TALLAHASSEE, Fla. — Well, it’s official. America is down to six radio stations. Six. Total. I say this because, having spent the last few days traveling though Detroit, Dayton, Atlanta, Charlotte, Orlando and Tallahassee, I have heard them all, the same six stations.

Over and over.

Half the fun of traveling used to be renting a car, starting the engine, and flicking the knob to the local airwaves. Depending on which part of the country you were in, you might hear Murray the K, from New York City, screaming about the Beatles, or some laid-back, West Coast-type saying, “Can you dig it?” or some hillbilly named Chester Winchester, spinning a country song with a title like “I’m So Lonely, The Dog Looks Good” and crowing
“All-rahhhty-rooski, fo’ks, ah know y’all gonna like this one . . .”

The thing was, Chester did know. Because he was from there. He broadcast from a tower on the outskirts of town, and if he played something people liked, they told him so the next morning at the coffee shop or the hardware store. Or they called him during his nine-hour shift.

“Hey, Chester? This here’s Luke from over Stillwater County. Play that slow one by Hank Williams again, will ya? I’m trying to get Doris here to marry me
. . .”

Nowadays, Chester doesn’t pick the music. It comes down from some consulting firm that programs hundreds of stations just like it. The big, powerful record companies push the product they want sold. The playlist is faxed from headquarters. The disc jockeys — now called “radio personalities”
— don’t have accents, or input.

And Chester doesn’t work there anymore. Somewhere, Foreigner is laughing

Here are the six radio stations you will find no matter where you go in this country:

1) Morning Zoo/Top 40. This one features a couple of “crazy” guys with catchy names — Mike & Ike, Chip N’ Dale, Jim & the Mad Man — who sound as if they’re talking through their noses. They scream, do impersonations, ring buzzers and bells, and, most of all, in between Madonna songs, laugh at their own jokes. Because nobody else will.

2) Classic Rock. You’ll know this station, because it plays “Cold As Ice” by Foreigner once every 13 minutes. In between, you will hear Fleetwood Mac, Heart, Led Zeppelin and other groups we should have blown up in the ’70s, when we had the chance. Classic Rock is the younger half of . . .

3) Oldies Rock. I remember one of the first oldies stations, down in Miami. It played doo-wop tunes from the Spaniels, the Del-Vikings, the Crests. It was unique and small. Nowadays there is an Oldies Station every traffic light, playing the same Beatles/Chubby Checker/Temptations records over and over, in a desperate attempt to convince those of us old enough to remember these songs that we are still hip.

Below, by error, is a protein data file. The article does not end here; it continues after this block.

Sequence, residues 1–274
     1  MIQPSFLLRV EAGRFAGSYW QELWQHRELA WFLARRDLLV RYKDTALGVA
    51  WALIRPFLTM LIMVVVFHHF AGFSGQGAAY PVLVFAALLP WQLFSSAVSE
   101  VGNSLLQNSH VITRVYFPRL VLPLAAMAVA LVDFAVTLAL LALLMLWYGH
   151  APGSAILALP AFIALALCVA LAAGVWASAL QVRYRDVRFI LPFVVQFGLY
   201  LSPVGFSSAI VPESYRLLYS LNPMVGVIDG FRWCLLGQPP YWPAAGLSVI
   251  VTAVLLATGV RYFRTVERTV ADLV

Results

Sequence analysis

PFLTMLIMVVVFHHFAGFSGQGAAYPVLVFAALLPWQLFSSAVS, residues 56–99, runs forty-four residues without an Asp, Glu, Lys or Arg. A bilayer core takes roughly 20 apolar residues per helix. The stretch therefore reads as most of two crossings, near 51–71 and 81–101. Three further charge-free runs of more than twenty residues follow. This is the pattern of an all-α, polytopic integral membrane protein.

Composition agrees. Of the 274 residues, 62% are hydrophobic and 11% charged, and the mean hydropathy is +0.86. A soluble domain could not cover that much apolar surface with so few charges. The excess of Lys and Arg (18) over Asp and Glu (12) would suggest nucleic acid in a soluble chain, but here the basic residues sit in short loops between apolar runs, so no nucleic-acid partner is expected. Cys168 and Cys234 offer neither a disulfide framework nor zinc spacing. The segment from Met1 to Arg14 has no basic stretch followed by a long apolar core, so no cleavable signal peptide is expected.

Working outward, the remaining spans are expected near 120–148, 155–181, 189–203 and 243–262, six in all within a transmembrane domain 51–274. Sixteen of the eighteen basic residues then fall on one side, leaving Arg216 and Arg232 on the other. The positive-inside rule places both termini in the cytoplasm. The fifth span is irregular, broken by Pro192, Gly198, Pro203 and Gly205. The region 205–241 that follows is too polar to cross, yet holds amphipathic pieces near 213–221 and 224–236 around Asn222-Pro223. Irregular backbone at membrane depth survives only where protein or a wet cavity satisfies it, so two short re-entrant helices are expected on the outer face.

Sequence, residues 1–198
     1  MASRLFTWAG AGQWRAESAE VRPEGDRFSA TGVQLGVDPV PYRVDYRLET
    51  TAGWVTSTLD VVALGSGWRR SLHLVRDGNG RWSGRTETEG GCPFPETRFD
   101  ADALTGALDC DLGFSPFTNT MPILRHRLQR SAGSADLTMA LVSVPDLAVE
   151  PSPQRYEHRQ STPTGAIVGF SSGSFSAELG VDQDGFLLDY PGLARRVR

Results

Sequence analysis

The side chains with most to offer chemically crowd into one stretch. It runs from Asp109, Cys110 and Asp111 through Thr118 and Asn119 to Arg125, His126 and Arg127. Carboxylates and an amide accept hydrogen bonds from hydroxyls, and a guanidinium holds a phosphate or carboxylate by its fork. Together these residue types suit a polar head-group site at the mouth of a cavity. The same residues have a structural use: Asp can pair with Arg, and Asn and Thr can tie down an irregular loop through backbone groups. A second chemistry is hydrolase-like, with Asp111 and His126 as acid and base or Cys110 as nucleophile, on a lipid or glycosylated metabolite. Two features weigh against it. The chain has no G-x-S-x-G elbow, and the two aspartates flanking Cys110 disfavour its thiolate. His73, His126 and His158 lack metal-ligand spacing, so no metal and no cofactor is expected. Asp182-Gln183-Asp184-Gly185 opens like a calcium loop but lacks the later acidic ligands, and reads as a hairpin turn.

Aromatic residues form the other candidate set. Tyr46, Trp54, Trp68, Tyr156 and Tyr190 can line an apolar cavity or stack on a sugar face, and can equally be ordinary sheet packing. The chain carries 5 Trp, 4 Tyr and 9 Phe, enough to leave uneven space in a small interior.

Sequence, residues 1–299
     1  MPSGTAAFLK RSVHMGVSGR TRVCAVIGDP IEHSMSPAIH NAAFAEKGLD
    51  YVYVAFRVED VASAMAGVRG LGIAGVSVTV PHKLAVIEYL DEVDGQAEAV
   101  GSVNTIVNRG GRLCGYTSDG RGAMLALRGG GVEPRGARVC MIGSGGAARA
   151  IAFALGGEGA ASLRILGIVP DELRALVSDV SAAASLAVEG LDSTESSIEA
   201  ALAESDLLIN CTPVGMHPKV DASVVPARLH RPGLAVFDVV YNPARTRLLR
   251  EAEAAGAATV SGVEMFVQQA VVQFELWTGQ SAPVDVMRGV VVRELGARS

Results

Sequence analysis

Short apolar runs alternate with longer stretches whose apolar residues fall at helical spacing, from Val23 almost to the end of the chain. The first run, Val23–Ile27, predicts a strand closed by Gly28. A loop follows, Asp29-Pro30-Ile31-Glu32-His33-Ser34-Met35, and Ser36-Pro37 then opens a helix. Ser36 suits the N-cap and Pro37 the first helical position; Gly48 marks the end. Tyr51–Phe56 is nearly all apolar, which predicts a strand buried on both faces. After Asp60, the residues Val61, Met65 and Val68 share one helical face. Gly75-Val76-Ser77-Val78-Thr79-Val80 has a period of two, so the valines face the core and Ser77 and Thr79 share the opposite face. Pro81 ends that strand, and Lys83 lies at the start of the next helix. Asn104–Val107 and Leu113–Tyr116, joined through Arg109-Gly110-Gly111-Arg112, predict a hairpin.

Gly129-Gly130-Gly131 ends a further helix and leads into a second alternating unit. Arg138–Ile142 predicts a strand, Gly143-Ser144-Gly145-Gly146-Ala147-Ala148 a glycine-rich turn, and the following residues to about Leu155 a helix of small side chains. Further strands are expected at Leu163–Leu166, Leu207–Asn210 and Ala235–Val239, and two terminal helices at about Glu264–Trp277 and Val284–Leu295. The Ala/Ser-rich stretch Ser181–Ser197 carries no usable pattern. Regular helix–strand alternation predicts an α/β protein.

Which we aren’t.

4) Young Country. Once upon a time, country stations gave you the best feel for America. Small-time country artists could make a record in their garage and drive it to the stations themselves. And the disc jockeys were important to the isolated farmers who tuned them in.

“Ah’m gonna play a new one fuh ya from Tammy Wynette in jus’ a second, but first, ah see there’s a thundah-storm a-comin’, so y’all better finish plantin’ early this mo’nin’ . . . “

Nowadays country music is a giant, billion-dollar industry that has its own awards shows, theme parks, and mega-stars. I saw Garth Brooks meeting with Newt Gingrich last week to discuss the arts. Garth Brooks and Newt Gingrich? What kind of charm can country radio have after that?
“You light up my . . . ” zzzzzzz

5) Easy Listening/Soft Rock. It doesn’t really matter what music these stations play, because you are asleep halfway through the song. The only human contact you get is a voice, which sounds like it just finished making love, crooning the phrase, “Less talk, more music.” The polar opposite of this, of course, is . . .

6) All Talk/News/Information. These stations have the constant sound of typewriters in the background, as a deep voice bellows “All news, all the time . . . ” In between, they have a) Rush Limbaugh, b) Paul Harvey c) updates by accent-less clones who sound like they’re trying out for CNN.

You listen to any of these stations in Louisiana or in Maine, it’s the same thing. Radio has fallen into the Homogenization of America, as have airports, which now all feature TCBY Yogurt and Cinn-a-bon shops, and shopping malls, which all contain the same Gap and Athlete’s Foot stores. Whatever happened to local identity? Regional flavor? Pretty soon five companies will own the whole country, and each will have 200 radio stations, sounding exactly the same, and there won’t be a lot of point in traveling, because wherever you go, you’ll be home.

You know what? I miss Chester. I really do.

Pin It on Pinterest

Share This